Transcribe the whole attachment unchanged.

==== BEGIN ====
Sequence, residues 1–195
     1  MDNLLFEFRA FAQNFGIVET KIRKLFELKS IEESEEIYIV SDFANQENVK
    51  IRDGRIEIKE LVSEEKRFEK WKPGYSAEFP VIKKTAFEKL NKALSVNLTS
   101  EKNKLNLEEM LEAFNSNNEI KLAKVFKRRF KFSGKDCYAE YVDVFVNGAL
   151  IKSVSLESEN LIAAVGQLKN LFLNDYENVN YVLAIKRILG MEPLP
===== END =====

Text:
Sequence, residues 1–195
     1  MDNLLFEFRA FAQNFGIVET KIRKLFELKS IEESEEIYIV SDFANQENVK
    51  IRDGRIEIKE LVSEEKRFEK WKPGYSAEFP VIKKTAFEKL NKALSVNLTS
   101  EKNKLNLEEM LEAFNSNNEI KLAKVFKRRF KFSGKDCYAE YVDVFVNGAL
   151  IKSVSLESEN LIAAVGQLKN LFLNDYENVN YVLAIKRILG MEPLP